Getting the big picture of the Bible wrong

Getting the big picture of the Bible wrong June 26, 2015

The Bible is extraordinarily complex. While the Reformers rightly insisted that its basic message of salvation could be understood by the simplest of sinners, they also believed that its preachers needed extensive training to be able to understand its many parts and profundities. They  knew that it is impossible to interpret the Bible rightly without having the right framework or lens through which to read it. The little stories could not be understood without knowing the Big Story into which they fit. Using the wrong Big Story would cause Christians to misinterpret the hundreds of little stories in the Bible, not to mention the meaning of the myriads of details from ancient cultures in ancient times.  

For this reason it is essential that we get the big picture right. As I mentioned in a previous post, the new Christian Zionism insists that the story of Israel is central to the story of salvation. The latter is fundamentally misunderstood and distorted when it omits Israel and her story with God. The sheer size of the Hebrew Scriptures, which dwarf the New Testament, should have signaled this to the historic Church. But so does the gospel story in the New Testament show that Israel is at the center.

The very first gospel—Matthew—opens with a genealogy that proves that Jesus is descended from Abraham, the first Jew, through forty-two generations of Jews. Luke’s gospel also contains a genealogy (3. 23-38) which proves that Jesus came from a long line of Jews going back to Abraham, and then all the way back to Adam. Apparently both Matthew and Luke believed it important to show that Jesus was connected to the history of Israel.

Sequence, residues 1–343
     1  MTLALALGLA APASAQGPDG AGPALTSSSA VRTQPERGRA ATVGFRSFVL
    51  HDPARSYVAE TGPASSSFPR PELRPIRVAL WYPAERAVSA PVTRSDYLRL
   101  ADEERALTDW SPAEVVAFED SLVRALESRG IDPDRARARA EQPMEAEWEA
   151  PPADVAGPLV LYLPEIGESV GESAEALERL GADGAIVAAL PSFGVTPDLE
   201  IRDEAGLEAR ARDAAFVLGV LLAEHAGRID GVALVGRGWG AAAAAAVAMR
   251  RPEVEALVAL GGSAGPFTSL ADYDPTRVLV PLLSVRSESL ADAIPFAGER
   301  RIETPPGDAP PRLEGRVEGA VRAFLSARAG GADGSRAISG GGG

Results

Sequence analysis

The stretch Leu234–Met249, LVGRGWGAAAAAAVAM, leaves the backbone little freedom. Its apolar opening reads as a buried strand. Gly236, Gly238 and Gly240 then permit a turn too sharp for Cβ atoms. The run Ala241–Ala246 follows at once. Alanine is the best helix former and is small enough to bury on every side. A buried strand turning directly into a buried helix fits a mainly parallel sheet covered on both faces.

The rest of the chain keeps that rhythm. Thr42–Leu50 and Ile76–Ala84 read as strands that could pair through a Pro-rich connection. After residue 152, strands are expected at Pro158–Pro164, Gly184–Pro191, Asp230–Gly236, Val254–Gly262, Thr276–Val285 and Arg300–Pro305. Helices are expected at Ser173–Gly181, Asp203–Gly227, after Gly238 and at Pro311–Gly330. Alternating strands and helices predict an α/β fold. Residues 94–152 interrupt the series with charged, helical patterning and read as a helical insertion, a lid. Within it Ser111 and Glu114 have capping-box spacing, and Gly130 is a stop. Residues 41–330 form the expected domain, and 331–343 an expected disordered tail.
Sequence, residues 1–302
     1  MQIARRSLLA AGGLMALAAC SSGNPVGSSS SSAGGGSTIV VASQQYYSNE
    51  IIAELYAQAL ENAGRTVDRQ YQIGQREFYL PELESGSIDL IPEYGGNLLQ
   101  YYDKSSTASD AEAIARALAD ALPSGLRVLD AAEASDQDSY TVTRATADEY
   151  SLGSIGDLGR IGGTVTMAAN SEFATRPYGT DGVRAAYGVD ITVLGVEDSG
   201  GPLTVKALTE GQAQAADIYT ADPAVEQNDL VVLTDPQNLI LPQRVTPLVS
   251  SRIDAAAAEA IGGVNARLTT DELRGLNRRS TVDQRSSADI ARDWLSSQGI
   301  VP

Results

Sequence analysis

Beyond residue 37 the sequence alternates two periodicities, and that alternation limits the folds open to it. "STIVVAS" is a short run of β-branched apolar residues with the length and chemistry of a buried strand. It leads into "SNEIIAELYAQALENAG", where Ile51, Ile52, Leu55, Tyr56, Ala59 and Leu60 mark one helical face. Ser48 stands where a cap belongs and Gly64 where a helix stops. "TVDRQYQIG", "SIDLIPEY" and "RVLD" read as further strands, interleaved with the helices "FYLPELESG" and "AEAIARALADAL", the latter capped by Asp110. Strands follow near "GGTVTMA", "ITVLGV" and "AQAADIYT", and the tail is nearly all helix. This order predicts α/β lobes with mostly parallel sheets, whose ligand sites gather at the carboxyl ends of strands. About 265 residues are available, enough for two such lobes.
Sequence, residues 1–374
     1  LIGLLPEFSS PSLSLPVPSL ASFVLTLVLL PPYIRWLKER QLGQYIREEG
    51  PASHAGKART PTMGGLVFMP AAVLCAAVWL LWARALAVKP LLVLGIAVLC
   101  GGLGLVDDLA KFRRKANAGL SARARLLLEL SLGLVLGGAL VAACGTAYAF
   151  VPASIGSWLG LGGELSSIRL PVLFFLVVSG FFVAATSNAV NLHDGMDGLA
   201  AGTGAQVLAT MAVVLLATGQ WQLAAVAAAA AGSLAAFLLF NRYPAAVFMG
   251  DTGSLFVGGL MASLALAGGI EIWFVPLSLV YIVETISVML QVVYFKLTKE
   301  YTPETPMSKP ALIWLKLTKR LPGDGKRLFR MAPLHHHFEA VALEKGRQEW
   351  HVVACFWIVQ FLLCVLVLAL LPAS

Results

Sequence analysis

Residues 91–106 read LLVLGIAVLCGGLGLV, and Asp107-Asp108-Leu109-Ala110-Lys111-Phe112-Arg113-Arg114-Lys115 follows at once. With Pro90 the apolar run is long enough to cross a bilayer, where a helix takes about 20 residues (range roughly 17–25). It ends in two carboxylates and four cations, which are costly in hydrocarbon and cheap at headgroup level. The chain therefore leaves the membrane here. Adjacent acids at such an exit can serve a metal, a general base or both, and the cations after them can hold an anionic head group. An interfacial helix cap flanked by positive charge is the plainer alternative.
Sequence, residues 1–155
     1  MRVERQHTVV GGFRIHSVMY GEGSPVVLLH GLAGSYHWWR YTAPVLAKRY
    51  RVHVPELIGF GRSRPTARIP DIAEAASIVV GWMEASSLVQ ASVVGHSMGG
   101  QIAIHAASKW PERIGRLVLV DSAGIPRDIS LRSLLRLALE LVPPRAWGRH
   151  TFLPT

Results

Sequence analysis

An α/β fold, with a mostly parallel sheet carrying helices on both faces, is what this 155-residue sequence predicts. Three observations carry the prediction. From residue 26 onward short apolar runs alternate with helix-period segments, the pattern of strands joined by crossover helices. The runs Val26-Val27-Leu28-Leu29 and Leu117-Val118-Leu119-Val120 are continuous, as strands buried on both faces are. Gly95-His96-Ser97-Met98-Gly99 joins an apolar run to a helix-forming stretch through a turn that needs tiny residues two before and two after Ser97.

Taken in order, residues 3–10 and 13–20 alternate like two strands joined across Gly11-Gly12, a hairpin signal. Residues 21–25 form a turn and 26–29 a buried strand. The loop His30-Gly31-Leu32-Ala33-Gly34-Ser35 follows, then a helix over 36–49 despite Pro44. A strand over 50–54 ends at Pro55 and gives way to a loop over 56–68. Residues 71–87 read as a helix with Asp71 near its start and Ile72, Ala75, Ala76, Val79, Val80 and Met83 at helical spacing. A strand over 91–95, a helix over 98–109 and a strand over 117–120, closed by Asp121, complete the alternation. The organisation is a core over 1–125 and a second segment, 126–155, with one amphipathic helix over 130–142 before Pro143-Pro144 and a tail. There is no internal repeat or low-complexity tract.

In her Magnificat, Mary suggests that the birth of the messiah will be significant not only for all future “generations” but particularly for the history of Israel: this will show that God “has helped his servant Israel, in remembrance of his mercy, according to the promise he made to our ancestors, to Abraham and to his descendants forever” (Luke 1.54-55).   If the Incarnation was supposed to turn the focus away from Israel, as the supersessionist story has suggested, Mary did not get the memo. Her son would fulfill God’s promise which was made not to the whole human race but to the first Jew and all his Jewish descendants. Of course we know that this fulfillment brought the promise of salvation to the world, but Mary here mentioned only the promise to the Jews.